Posts Tagged ‘Greater Cleveland RTA’

3 Transit Systems to Get Federal Station Improvement Grants

December 20, 2022

Public transit systems in Cleveland, Pittsburgh and Philadelphia are among the recipients of grants from the Federal Transit Administration to be used to modernize stations and improve their accessibility.

The agencies are sharing in $686 million being awarded to 15 projects. The grant funding is coming from the Infrastructure Investment and Jobs Act.

Greater Cleveland Transit Authority will receive $8 million to rebuild its East 79th Street rapid station to make it more accessible.

The 1920s era station will receive new ramps, concrete platforms, rail crossings, warning panels, canopy-covered concrete stairs, upgraded emergency call boxes, and slip-resistant walking surfaces.

Pittsburgh Regional Transit will receive $24.4 million to make the Bethel Village, Westfield, St. Anne’s, and Shiras stations on the Red Line ADA accessible. Station improvements will include installing a high platform for level boarding, shelters on the boarding platform, ramps, accessible signage and auditory support.

The Southeastern Pennsylvania Transportation Authority will receive $56 million to make its 11th Street subway station on the Market-Frankford Subway Line and the Chinatown, Erie, Fairmount Upper Level, Fairmount Lower Level and Snyder stations on the Broad Street Subway Line accessible.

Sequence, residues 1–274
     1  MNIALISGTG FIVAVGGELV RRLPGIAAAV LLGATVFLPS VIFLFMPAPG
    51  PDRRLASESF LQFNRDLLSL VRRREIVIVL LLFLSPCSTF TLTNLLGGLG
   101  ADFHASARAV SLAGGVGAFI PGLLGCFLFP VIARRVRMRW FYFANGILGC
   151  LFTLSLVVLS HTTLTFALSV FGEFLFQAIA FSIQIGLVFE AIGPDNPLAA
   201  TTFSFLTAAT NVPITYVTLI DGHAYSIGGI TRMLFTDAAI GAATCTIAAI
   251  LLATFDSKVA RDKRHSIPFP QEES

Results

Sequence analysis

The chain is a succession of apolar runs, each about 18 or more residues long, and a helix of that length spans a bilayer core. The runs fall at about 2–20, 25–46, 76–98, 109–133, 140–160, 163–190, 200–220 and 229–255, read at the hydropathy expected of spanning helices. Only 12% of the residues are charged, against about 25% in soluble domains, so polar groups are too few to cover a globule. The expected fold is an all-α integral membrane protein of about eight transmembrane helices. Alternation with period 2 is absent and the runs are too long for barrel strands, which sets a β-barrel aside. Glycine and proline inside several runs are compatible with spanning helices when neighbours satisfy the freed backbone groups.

The stations were built in the early 20th century. Work will include installing elevators, general station upgrades, ramps, and making path of travel improvements.

RTA Eyes Grant for New Rail Cars

December 17, 2022

Greater Cleveland Regional Transit Authority will seek grant funding next year that management said could enable it to buy new rail cars.

RTA Chief Operating Officer Floun’say Caver told The Plain Dealer, that the agency has raised $209 million in cash and grants in its rail car replacement fund.

Next month it will seek a $100 million grant in funds being provided by the federal Infrastructure Investment and Jobs Act that would enable it to reach its $300 million goal.

However, it will likely be up to five years before the new cars begin revenue service and the agency still has not identified a builder for the equipment.

RTA is seeking proposals from transit car vendors and continues to talk with them. The deadline for bids is March 9.

Caver said the earliest the RTA governing board would likely vote on a contract for building the new cars is next fall.

RTA also is seeking $50 million in grants from  the federal government and Ohio Department of Transportation to be used to develop a bus rapid transit route that would operate along West 25th Street from Detroit Avenue and Irishtown Bend Park to Old Brooklyn.